COVID-19 Resource Center

A source for trusted, accurate and up-to-date information regarding COVID-19

What are the vaccination phases in Colorado?

The vaccine will be offered in six phases: Phase 1A,1B.1,1B.2,1B.3,1B.4, and Phase 2 – General Public.

PHASE 1A — Highest-risk health care workers and Long-Term Care Facility (LTCF) staff and residents.

  • LTCF includes nursing homes, skilled nursing facilities, and assisted living facilities
  • Independent living facilities are not included in the LTCF designation

PHASE 1B.1 — Moderate-risk health care workers, frontline essential workers, and people age 70 and older.

Frontline essential workers include:

  • First responders (EMS, Firefighters, Police)
  • Corrections officers
  • Food and agricultural workers
  • U.S. Postal Service workers
  • Manufacturing workers
  • Grocery store workers, public transit workers, education sector (teachers and support staff), and child care workers

Colorado further specifies:

  • Specialized transportation staff
  • Funeral services
  • Frontline essential human service workers
  • Direct care providers for Coloradans experiencing homelessness
  • Essential government officials
  • Essential frontline journalists

For additional details about what defines frontline essential workers, click here. If you are still unsure if you are in this category, please contact your local County Public Health Department.

Phase 1A/1B.1 is well underway. The Colorado Department of Public Health & Environment (CDPHE) distributed the vaccine to county health departments and select hospitals vaccinating candidates in the 1A and 1B.1 groups. The Federal Pharmacy Partnership for Long-Term Care (CVS and Walgreens) is in charge of reaching out, going to, and vaccinating LCTF residents and staff.

PHASE 1B.2 – Coloradans ages 65-69, pre-K-12 educators and child care workers in licensed child care programs, and continuity of state government:

  • Child care workers in licensed child care programs, teachers (full-time and substitutes), bus, food, counselors, administrative, safety and other support services offered inside the school.
  • Select members of the Executive and Judicial branches of state government. *note: members of the legislative branch have already received access to the vaccine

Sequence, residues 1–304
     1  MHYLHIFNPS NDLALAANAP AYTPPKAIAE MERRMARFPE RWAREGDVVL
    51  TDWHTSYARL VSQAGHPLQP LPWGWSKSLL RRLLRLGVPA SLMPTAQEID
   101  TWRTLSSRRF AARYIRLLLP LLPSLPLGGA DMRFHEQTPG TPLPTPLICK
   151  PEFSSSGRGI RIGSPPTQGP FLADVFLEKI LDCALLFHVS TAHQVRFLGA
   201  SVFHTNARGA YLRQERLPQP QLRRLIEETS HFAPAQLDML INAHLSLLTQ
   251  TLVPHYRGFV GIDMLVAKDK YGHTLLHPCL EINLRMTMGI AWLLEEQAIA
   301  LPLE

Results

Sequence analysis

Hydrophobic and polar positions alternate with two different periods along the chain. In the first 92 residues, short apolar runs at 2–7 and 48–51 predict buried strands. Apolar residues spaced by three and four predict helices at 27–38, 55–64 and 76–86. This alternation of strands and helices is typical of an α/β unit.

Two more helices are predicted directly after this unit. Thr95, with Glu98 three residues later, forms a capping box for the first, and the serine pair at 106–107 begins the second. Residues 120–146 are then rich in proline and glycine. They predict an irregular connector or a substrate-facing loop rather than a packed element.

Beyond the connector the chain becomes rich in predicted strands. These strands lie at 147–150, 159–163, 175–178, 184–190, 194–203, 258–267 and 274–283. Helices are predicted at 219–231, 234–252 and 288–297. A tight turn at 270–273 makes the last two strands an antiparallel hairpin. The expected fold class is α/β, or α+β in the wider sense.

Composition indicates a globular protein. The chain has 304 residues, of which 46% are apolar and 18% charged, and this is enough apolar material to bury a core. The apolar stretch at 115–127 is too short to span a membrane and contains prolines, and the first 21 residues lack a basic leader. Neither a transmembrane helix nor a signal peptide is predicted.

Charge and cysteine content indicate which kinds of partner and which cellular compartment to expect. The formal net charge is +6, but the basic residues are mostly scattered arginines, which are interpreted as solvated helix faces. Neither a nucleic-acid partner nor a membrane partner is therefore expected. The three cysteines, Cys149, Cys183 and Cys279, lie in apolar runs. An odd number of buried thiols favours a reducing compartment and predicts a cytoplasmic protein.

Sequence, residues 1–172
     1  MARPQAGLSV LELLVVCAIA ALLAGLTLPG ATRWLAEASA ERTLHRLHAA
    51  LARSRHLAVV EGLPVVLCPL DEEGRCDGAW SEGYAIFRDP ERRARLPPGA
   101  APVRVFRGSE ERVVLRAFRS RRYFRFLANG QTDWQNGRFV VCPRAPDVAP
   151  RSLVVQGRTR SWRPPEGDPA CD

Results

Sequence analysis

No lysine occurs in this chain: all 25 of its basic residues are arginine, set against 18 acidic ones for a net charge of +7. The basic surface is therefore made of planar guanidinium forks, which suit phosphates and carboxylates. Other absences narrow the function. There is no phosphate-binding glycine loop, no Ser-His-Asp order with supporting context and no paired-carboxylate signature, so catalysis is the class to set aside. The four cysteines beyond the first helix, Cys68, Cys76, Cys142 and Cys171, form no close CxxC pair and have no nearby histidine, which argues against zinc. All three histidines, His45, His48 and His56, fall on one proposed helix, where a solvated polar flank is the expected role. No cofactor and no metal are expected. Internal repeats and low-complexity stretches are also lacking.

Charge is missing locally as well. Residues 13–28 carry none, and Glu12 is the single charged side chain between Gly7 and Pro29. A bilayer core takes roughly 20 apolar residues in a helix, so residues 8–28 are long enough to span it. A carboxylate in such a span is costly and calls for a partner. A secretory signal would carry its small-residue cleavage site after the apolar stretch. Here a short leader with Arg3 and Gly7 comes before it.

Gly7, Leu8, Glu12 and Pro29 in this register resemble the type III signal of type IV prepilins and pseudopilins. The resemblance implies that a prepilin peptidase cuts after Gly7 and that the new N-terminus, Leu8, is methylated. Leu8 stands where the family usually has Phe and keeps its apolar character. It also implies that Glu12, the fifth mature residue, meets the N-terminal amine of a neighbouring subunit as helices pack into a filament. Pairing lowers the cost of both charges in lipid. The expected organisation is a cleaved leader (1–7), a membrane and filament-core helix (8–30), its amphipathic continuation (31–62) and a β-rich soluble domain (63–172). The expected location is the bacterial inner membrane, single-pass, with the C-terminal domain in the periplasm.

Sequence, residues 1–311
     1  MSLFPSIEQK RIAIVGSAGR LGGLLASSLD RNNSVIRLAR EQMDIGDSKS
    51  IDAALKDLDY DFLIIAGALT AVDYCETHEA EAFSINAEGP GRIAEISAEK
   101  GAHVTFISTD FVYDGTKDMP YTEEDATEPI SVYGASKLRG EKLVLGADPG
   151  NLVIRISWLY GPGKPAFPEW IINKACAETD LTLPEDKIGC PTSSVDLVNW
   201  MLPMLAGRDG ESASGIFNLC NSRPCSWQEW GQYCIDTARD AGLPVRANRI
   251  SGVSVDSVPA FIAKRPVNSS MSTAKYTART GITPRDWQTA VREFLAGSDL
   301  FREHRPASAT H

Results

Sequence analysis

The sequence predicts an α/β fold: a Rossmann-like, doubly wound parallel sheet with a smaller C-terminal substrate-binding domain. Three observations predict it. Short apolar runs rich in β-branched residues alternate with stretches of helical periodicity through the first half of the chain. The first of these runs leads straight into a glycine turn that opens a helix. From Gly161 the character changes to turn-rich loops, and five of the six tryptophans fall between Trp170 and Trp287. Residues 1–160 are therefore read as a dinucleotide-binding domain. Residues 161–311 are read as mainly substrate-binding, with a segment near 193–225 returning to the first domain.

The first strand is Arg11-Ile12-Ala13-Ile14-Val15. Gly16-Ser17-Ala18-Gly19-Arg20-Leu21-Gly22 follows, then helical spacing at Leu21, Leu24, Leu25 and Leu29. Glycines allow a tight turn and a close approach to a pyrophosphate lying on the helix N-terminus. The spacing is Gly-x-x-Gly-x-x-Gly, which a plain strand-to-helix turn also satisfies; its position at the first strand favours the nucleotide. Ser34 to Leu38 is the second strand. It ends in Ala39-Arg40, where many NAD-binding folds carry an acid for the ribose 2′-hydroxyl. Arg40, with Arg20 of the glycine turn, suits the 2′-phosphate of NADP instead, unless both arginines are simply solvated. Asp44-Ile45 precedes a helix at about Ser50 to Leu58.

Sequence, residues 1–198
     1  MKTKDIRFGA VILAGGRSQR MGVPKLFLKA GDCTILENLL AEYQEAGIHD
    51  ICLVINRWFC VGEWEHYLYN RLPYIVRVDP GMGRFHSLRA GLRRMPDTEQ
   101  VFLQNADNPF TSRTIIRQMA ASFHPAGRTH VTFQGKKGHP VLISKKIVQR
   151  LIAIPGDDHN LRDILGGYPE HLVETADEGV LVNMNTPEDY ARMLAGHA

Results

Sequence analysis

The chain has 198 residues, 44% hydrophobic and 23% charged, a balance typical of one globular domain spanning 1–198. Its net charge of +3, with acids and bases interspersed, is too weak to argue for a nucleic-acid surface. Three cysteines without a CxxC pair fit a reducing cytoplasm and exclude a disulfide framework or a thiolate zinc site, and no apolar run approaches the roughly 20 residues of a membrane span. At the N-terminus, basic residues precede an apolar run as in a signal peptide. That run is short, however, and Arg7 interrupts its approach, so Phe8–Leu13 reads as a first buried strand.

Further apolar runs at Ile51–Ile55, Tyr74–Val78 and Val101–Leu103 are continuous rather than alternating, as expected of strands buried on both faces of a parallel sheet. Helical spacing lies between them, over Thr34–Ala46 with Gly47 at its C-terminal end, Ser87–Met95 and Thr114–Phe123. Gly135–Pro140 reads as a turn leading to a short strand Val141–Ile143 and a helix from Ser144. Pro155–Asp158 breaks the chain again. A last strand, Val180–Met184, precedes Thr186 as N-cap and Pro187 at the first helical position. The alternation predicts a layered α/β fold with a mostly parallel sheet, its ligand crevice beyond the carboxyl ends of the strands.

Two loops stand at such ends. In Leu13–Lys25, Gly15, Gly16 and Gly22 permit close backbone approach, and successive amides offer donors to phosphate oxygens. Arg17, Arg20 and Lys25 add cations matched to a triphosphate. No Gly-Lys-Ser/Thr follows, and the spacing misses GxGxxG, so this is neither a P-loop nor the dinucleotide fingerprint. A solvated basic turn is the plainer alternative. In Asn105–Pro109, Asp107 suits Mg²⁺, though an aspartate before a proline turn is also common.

• People ages 65-69

Other essential workers include:

  • Transportation and logistics
  • Water and wastewater
  • Foodservice
  • Housing construction
  • Finance (bank tellers)
  • IT and communications
  • Energy
  • Legal services
  • Media
  • Public safety (engineers)
  • Public health
  • Local government

PHASE 1B.3 — People age 60 and older

Frontline essential workers in grocery and agriculture:

  • The intent of this classification is to prioritize current workers who cannot maintain physical distance from others at their place of employment, who work in close contact with many people, especially indoors, and in places with poor ventilation including meatpacking workers; grocery store workers; and agricultural processing workers.

People 16-59 with 2 or more high risk conditions:

  • The intent of this classification is to vaccinate Coloradans who have a high risk of severe outcomes from COVID-19. This includes Coloradans with two or more of the following: Cancer (defined as patients who are currently receiving treatment or have received treatment within the last month for cancer), chronic kidney disease, COPD, diabetes mellitus (types 1 and 2), Down syndrome, specific heart conditions (heart failure, cardiomyopathies or coronary heart disease, and severe valvular/congenital heart disease), obesity (BMI ≥ 30kg/m^2), pregnancy, sickle cell disease, solid organ transplant, individuals with disabilities who require direct care in their home, and people with disabilities that prevent them from wearing masks.

 

PHASE 1B.4 —The intent of this classification is to prioritize workers who cannot maintain physical distance from others at their place of employment and who work in close contact with many people, especially indoors and in places with poor ventilation.

  • Student-facing higher education employees
  • People age 50 and older
  • Frontline essential workers in food/restaurant services
  • Frontline essential workers in manufacturing
  • Frontline essential workers foPr the US postal service
  • Frontline essential workers in public transit and specialized transportation
  • Frontline essential workers in public health
  • Frontline essential human service workers
  • Faith leaders
  • Frontline essential direct care providers for Coloradans experiencing homelessness
  • Frontline essential journalists
  • Continuity of local government
  • Continuation of operations for state government
  • Adults who received a placebo during a COVID-19 vaccine clinical trial
  • People 16-49 with one of the high risk conditions listed on the website

PHASE 2 – General Public: